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Patients treated by surgeons who average over 10 shoulder replacements a year have a lower risk of reoperation and serious complications, and a shorter hospital stay than those treated by surgeons who do fewer operations, finds a study published by The BMJ.

Woman with shoulder pain © Shutterstock

These findings build on similar evidence for hip and knee replacements and should help guide future resource planning in this area, say the researchers at NDORMS who carried out the study.

Shoulder replacements are becoming increasingly common globally, particularly in high income countries as populations continue to age. In the UK alone, more than 8,000 shoulder replacements are carried out each year.

Previous studies of hip and knee replacement surgery show that patients treated by "high volume" surgeons experience better outcomes than patients of lower volume surgeons. This has prompted some providers to introduce minimum volume thresholds for surgeons to improve patient outcomes, but evidence for other types of joint replacement surgery is more limited.

To fill this knowledge gap, a team of UK researchers set out to explore the association between surgeon volume and outcomes after non-urgent (elective) shoulder replacement surgery.

'Improving outcomes and reducing complications after joint replacement surgery is of clear benefit to patients and their families,' said Epaminondas Markos Valsamis, NIHR Doctoral Research Fellow at NDORMS. 'But these results also provide timely evidence for healthcare systems that are overburdened, under-resourced, and in need of recovery planning post pandemic.'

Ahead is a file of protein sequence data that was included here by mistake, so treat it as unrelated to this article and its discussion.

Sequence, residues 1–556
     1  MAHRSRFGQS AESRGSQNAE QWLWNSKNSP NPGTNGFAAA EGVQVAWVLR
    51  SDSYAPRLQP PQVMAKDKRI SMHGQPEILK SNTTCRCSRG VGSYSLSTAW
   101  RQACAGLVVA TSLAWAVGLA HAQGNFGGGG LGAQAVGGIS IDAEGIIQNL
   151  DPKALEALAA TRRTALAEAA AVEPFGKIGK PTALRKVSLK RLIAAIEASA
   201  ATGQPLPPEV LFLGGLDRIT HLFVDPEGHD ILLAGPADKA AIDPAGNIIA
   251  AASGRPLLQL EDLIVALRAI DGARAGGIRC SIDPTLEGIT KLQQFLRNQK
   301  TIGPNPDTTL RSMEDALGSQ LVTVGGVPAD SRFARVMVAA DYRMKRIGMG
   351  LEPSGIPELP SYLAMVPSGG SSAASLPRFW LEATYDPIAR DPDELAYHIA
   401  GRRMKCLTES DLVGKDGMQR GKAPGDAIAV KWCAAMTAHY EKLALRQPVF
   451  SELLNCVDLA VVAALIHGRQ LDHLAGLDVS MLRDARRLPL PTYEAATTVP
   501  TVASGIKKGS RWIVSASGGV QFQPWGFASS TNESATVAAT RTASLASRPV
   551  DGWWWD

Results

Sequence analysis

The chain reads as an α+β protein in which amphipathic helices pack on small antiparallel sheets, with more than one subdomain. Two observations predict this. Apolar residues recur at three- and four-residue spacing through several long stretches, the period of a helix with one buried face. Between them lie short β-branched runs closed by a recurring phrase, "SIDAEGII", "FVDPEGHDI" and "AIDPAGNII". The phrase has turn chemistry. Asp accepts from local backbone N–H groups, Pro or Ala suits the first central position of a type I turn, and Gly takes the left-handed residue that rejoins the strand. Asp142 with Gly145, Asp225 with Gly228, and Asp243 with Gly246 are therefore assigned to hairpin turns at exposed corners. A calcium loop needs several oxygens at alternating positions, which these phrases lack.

Their findings are based on data from the National Joint Registry and Hospital Episode Statistics in England for 39,281 elective shoulder replacements performed by 638 consultant surgeons at 416 public and private hospitals from 2012 to 2020.

Statistical models were used to investigate the effect of annual surgeon volume on revision, reoperation within 12 months, serious adverse events at 30 and 90 days, and prolonged hospital stay (more than 3 nights). All participants were aged 18 or over and were receiving shoulder replacement surgery for the first time.

After adjusting for a range of potentially influential factors, the researchers identified a mean annual volume threshold of 10.4 procedures, below which there was a significantly increased risk of revision surgery.

Annual variations in case volume did not affect patient outcomes, suggesting that a surgeon's average annual volume of procedures over the course of their career is more important for better patient outcomes than variation in annual procedure volumes.

'This study offers evidence for local hospitals and national healthcare services that informs workforce and resource planning to ensure the best outcomes for patients undergoing shoulder replacement surgery,' concluded Markos.
This research was funded by the National Institute for Health and Care Research (NIHR). It was supported by the NIHR Oxford Biomedical Research Centre and National Joint Registry. 

Read the full paper in the BMJ